By Joe Wright
As hobby drones continue to proliferate across the United States and commercial applications rise, the rules about drone use remain murky, as do the penalties for downing them if you feel your privacy is being threatened.
So far we have seen a push by the FAA to impose mandatory drone registration that requires owners of any drone weighing more than 250 grams to ID their aircraft and provide personal contact information so that quick action can be taken in the case of violations. However, this is being done mainly to protect government institutions, federal airspace and of course to address the ubiquitous threat of terrorism.
Meanwhile, a range of penalties has been applied to the few individuals who have managed to bring down drones in both public and private space; from jail time in the case of a man who took down a drone with his T-shirt at a California beach, to a 65-year-old Pennsylvania woman who hit her neighbor’s drone with a rock, destroying it – she was forced to pay $600 in damages, but was cleared of “criminal mischief.” A Kentucky man who took more serious action and used a shotgun to blast his neighbor’s drone out of the sky, was arrested, but also was eventually cleared of criminal mischief and first-degree endangerment.
One case that has still been pending is for New Jersey resident, Russell Percenti. He was actually the first ever to be arrested for downing a drone and was indicted by a grand jury; he was facing more than 5 years in jail for his use of a shotgun to take down a drone that hovered near his house. Again, “criminal mischief” was the charge, as well as a weapons offense.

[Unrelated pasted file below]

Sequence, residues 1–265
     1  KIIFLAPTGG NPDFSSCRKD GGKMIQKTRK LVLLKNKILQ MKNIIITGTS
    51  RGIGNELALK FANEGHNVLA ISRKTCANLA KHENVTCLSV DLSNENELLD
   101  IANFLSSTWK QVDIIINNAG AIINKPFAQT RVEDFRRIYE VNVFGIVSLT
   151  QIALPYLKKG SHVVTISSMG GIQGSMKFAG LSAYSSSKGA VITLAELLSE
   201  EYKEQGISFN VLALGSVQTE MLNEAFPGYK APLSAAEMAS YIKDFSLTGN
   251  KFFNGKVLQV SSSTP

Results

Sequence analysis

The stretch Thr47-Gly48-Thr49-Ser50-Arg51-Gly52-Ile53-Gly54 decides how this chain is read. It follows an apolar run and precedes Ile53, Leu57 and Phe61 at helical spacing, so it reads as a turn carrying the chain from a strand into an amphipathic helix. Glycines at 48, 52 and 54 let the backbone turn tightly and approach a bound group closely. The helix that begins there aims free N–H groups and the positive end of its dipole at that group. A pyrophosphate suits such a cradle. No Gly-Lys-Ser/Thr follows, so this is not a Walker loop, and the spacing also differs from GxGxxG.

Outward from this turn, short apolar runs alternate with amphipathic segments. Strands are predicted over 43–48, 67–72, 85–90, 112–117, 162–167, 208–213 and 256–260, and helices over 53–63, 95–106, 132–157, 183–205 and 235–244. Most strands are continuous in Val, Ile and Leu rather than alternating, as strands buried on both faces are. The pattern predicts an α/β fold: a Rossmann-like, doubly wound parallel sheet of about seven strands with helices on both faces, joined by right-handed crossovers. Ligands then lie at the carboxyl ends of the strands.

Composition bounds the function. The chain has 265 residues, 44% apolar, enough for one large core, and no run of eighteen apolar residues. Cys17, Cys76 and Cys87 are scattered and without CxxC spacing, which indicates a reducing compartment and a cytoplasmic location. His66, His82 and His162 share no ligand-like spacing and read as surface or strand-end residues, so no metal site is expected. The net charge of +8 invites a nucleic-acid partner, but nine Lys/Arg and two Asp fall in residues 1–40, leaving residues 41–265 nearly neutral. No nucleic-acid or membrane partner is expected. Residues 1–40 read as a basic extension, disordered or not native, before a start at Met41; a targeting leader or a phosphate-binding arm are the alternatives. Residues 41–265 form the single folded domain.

It appears that Percenti’s 2014 case has finally reached a resolution and might have wider precedent-setting implications.
In a short announcement from the Associated Press, Percenti has now admitted to the charge of criminal mischief and will escape his lengthy jail sentence in favor of probation.
Perhaps most troubling, is that Percenti still seems to be asserting that “he was trying to protect his family’s privacy.” However, facing an inordinate length of time for that infraction, he has capitulated and put on the record that it is now an act of criminal mischief to do so.
I certainly don’t wish to impugn the moral compass of Mr. Percenti, as it is the justice system and due process itself where the questions should ultimately lay, but this certainly would seem to open the door to empowering the State against future citizens who will not abide by this type of threat to their person or property. It would be wise to keep a close eye on how future cases are addressed to see if a new trend emerges.
Have you seen low-flying drones out in public where you live, or flying over your private property? Have you read any other stories of people being arrested for shooting down drones in your state? Please leave details in the comment section.
Joe Wright’s articles can be found at ActivistPost.com. This article can be freely shared in part or in full with author attribution and source link.